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Before Lauren Greenfield’s The Kingmaker, the world got to know former First Lady Imelda Marcos in Ramona DiazImelda (2003), winner of the 2004 Sundance Film Festival’s Excellence in Cinematography Award (Documentary). A Makati court ordered to stop the screenings citing that the First Lady was deceived. The controversy created a buzz that made it triumph over Spider-Man 2 at the local box office.

The Kingmaker debuted at the 76th Venice Film Festival and was screened on Jan. 29 at the Cultural Center of the Philippines (CCP) and the UP Film Center’s Cine Adarna to commemorate the 50th anniversary of the First Quarter Storm. Tickets were sold out.

For those who missed the screenings, you will now have a chance to see it at the CCP on Feb. 19 (1:30 p.m., 4 p.m, 6 p.m., and 9 p.m), and at the UP Cine Adarna on Feb. 25 (3 p.m. and 7 p.m.) in time for the 34th EDSA People Power anniversary.

Imelda as we know her is what we see onscreen—charming, sophisticated, and delusional. Turn on the camera and the microphone, the star turns on her act. She tells “herstory” in her own candid terms—truthful with a sense of humor. “I was eight years old when I lost my money, este, my mother,” she narrates.

There was no guilt purchasing animals from Africa and shipping them to Calauit, Palawan for their own “safari,” displacing more than 200 families in the area. She used the diamonds hidden in her grandson’s diapers to pay off her lawyers. She chats with the filmmaker alongside the artworks of Pablo Picasso and Michelangelo in the background.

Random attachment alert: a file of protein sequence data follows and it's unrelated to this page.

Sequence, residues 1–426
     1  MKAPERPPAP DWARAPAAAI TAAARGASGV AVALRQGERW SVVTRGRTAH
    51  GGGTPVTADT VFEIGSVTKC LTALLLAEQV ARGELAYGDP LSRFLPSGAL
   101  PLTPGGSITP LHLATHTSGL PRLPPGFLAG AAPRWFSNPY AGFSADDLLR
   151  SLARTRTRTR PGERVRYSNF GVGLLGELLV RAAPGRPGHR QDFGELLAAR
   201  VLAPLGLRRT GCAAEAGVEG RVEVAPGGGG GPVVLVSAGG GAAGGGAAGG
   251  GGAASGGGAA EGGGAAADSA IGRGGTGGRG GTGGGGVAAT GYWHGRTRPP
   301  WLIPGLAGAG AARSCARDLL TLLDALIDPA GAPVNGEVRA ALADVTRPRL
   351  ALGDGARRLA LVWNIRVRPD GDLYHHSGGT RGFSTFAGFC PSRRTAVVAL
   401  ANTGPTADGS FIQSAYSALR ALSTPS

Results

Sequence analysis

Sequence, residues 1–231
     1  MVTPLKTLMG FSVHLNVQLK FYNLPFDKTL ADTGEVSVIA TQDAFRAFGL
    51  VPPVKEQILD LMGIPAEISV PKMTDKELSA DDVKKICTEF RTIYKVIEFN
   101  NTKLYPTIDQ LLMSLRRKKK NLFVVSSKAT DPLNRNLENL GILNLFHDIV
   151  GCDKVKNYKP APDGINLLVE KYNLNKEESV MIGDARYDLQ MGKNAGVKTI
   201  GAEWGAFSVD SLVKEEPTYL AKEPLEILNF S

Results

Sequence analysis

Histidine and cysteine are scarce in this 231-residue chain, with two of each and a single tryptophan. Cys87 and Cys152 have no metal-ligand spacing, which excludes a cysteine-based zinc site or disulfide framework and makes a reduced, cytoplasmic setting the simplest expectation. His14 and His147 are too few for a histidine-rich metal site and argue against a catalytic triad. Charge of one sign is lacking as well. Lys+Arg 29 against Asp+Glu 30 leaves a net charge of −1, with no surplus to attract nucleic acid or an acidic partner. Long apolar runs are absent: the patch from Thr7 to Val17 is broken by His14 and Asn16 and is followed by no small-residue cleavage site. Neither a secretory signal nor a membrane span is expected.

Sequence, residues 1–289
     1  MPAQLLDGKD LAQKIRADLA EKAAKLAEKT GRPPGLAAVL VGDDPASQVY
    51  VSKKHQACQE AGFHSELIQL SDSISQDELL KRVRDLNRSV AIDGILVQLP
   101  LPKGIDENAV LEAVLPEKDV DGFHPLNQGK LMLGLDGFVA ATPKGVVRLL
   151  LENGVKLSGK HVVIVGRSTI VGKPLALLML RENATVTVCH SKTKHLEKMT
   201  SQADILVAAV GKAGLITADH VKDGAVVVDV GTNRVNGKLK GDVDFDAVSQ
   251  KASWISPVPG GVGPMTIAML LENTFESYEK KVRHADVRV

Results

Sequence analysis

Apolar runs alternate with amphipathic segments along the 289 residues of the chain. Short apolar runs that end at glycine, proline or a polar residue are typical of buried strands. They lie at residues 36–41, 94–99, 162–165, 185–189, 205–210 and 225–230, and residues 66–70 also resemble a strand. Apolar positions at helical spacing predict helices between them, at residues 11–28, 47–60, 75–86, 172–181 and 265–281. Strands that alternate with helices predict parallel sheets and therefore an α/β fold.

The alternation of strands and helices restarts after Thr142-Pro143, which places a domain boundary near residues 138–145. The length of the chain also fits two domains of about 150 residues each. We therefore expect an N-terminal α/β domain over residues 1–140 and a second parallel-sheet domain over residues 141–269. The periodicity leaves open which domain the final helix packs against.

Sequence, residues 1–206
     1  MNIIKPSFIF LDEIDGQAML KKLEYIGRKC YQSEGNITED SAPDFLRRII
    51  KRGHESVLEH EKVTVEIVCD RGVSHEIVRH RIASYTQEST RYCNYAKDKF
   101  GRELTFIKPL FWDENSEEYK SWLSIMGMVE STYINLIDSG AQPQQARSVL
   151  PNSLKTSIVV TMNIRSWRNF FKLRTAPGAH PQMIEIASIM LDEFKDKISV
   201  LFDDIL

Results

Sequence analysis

YOU LOVE HER, YOU LOVE HER NOT Imelda Marcos cuts an enigmatic figure in the history of the Philippines, which Lauren Greenfield’s The Kingmaker tries to explore

YOU LOVE HER, YOU LOVE HER NOT Imelda Marcos cuts an enigmatic figure in the history of the Philippines, which Lauren Greenfield’s The Kingmaker tries to explore

She hobnobbed with world leaders Saddam Hussein, Muammar al-Gaddafi, and Richard M. Nixon, among others. From being thrown out of the country in 1986, to reclaiming their old glory, her ultimate goal is to bring back the greatness of the Marcos dynasty.

Half of the documentary is from Imelda’s point of view, Greenfield includes some people to factcheck her claims—Martial Law survivors, residents of Calauit, and an official from the Presidential Commission on Good Government.

What is new in Greenfield’s work? Greenfield started shooting Imelda in 2014, followed the campaign of Ferdinand Marcos, Jr. until the present administration. We see the close mother-and-son relationship in the political rallies and Sen. Imee Marcos’s (Imelda’s daughter) connection to President Rodrigo Duterte.

Under the present administration, Imelda’s wish to give a hero’s burial to her husband was granted. The one-hour-and-41-minute dialectic documentary also shows how the young students are clueless about the country’s history.

“Perception is real, and the truth is not,” announces the 90- year-old Imelda.

This is a must-see for all ages. Vanity and excess is all over the prominent figure but through Greenfield’s lens, reality takes over.

Tickets are available at the CCP Box Office and TicketWorld. For block screenings, call the CCP Sales and Promotions Division at (028) 832 3704 or 3706.

Source: Manila Bulletin

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